The virtual 3-D world of "Second Life" has always been a place where people could gather and communicate — but only by silently typing notes to each other. In attempt to add more realism, "Second Life" is about to get a whole lot noisier.
Linden Lab, the company behind "Second Life," says it is implementing voice-over-Internet software that will let the thousands of people online at any given moment talk to each other over their computers' microphones and speakers.
One key feature will be something called spatial audio. To mimic sound in the physical world, the ability to talk and hear conversations will be contingent on the separation between people in the virtual environment, said Joe Miller, a technology executive for Linden Lab. A group close together will be able to chat normally, but once a certain distance is reached, not even shouting will be enough, Miller said.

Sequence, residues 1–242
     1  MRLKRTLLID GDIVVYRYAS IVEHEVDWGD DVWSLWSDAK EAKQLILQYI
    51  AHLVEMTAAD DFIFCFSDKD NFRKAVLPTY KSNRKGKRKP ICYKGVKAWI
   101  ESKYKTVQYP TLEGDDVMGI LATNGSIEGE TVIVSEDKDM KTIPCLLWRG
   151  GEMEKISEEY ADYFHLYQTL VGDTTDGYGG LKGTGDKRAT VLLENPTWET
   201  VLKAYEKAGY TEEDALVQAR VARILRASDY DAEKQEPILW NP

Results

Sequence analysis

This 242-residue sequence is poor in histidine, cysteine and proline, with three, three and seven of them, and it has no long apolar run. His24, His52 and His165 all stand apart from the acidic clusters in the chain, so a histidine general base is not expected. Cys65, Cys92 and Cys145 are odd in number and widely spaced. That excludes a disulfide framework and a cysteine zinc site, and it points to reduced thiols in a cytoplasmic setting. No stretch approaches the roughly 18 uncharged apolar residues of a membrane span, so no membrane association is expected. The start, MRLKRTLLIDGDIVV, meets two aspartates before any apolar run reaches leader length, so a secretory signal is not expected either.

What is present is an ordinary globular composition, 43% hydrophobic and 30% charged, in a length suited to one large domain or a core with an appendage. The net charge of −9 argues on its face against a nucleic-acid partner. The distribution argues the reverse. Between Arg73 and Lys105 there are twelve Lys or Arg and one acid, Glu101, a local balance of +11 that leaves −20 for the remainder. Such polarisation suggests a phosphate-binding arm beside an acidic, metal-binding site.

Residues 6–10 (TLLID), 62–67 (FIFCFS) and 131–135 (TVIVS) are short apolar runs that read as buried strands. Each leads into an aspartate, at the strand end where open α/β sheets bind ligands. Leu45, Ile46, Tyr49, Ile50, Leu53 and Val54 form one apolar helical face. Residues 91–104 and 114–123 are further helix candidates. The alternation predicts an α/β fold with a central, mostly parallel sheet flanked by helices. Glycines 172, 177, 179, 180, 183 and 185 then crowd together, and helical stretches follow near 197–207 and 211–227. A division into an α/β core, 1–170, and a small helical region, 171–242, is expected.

Players also will have controls to manage exactly who they can talk to — and whom they'd rather not hear.
More of an online social experiment than video game, "Second Life" lets players interact through digital alter-egos called avatars. They can pretty much do whatever they want — fly around, shop at one of the growing number of stores that sell virtual clothing and other items, and soon, talk.
Testing on the voice system will begin next week. Miller said the software will probably debut for the entire game in test form at the end of March, followed by another two months of customer feedback.